Feb 12, 2007

Kim Possible Returns

Disney Channel began broadcasting the fourth season of their animated teen spy series Kim Possible this past weekend. Now, I know what you’re thinking: Alex Rider, Young Bond... enough with the kiddie spies already! But the truth is, like those others, Kim Possible is by no means limited to kids. In fact, while they’ll enjoy the adventures and the typical cartoon comedy, a lot of the jokes will go over their heads.

The brainchild of creators Bob Schooley and Mark McCorkle, Kim Possible is one of the sharpest, smartest James Bond parodies ever. It often deals with the myriad problems of being a Bond-type villain, from the overhead costs of maintaining elaborate underground or underwater bases, to the perfect real estate for said lairs, to the difficulty in finding good help. (Turns out that standard-issue henchmen are provided by an entrepreneur named Jack Hench who runs a large staffing agency.) And it does so even better than the Austin Powers movies ever did, calling out the cliches and turning them over on themselves. At the same time, the love and reverence for the material they’re spoofing is also evident everywhere, from the clearly Ken Adam-influenced designs to the music to the Bond-inspired title sequence of the Kim Possible movie, So the Drama.

Disney Channel cartoons usually run 65 episodes and a few direct-to-DVD movies before being cancelled, victim’s of Disney’s mandatory euthanasia. But so popular was Kim Possible that it was brought back from the land of cancellation, the channel’s first cartoon since DuckTales (I think) to exceed that self-imposed limit. And since things had been pretty thoroughly wrapped up in the movie (which served as the finale to the original run), the new season breaks another unwritten cartoon rule and ages the characters (slightly). They’re still in high school, but Kim and her sidekick Ron Stoppable are now seniors. And their main adversary, Dr. Drakken (voiced brilliantly by Futurama’s Bender, John Di Maggio), is surprisingly still in jail. Luckily, the show has a reliable repertoire of equally amusing villains, and some of the second stringers stepped to the fore-front in the season’s first four episodes, which were broadcast Saturday night. Even after two years off the air, Kim Possible has lost none of its charm or humor, and is well worth checking out for any spy fan with a sense of humor–especially one who also appreciates good animation.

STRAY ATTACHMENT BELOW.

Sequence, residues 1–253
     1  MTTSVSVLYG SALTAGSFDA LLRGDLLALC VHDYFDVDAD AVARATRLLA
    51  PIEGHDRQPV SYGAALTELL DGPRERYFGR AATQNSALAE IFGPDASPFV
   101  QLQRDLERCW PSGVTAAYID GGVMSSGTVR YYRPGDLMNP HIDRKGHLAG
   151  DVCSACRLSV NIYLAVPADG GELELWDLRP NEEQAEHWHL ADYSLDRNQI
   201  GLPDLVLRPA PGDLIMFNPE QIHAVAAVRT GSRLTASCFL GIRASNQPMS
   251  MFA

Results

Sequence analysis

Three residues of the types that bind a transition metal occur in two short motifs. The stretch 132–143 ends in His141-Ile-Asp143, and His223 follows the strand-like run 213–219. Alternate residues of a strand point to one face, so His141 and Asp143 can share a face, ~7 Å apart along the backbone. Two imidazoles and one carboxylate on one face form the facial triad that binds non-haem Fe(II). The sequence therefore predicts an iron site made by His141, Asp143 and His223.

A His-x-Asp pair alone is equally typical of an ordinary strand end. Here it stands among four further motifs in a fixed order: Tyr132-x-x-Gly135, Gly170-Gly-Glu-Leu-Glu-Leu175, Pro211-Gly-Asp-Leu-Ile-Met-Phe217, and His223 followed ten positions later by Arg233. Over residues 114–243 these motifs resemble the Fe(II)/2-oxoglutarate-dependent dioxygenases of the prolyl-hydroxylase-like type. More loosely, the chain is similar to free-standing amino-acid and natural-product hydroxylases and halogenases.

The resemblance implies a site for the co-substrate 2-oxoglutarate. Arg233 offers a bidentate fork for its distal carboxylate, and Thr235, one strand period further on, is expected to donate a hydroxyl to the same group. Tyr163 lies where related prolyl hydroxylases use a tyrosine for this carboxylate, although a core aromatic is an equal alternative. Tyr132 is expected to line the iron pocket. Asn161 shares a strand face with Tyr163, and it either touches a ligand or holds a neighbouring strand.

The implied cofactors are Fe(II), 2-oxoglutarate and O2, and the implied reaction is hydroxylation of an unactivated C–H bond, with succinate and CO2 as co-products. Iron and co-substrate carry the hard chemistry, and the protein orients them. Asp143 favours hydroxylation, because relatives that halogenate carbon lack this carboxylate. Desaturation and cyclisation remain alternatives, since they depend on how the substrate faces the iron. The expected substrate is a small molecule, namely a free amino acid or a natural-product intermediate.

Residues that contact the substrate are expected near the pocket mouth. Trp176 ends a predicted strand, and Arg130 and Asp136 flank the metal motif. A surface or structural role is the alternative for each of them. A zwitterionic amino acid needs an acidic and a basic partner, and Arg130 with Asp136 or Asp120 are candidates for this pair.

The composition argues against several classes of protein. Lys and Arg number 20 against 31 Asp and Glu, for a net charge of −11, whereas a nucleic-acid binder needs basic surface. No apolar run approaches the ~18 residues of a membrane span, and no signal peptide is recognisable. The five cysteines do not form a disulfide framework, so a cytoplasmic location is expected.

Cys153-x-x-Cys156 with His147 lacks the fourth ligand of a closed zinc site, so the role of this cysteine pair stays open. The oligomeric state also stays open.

New episodes air Saturday nights at 8 on the Disney Channel; reruns air weekday afternoons. There are unfortunately no season sets, but there are several good "best of" DVDs available (I recommend starting with The Villain Files), and two DVD movies. You can also watch episodes online on Disney's site, or download some from iTunes. And to read a good interview with Schooley and McCorkle, in which they discuss what to expect in Season 4, head over to Newsarama.

For more information on Kim Possible, you can brave Disney's noisy homepage for the show, but consider yourself warned.

2 comments:

elvisjj said...

Hey Tanner,

Very nice commentary about Kim Possible and yes the Fight for Five to get Kim Possible back on the air is on, and stronger then ever before. We the KP fans worldwide believe that Kim Possible shouldn't have been cancelled and deserves to continue on in a Season Five and to allow Kim and Ron to go to college together. We're hoping to get as much public attention as we can, as Disney might have the money and the might, but we have the hope, the faith, and the belief that Kim Possible is worth saving.

Please check us out at the Ron Stoppable website's general Kim Possible discussions http://ronstoppable.proboards89.com/index.cgi and the Fight For Five website www.fightforkp.com

Tanner said...

Thanks for stopping by! I will get a post up about the Fight for Five this week, for sure. And I'll definitely come check out Ron Stoppable's website as well!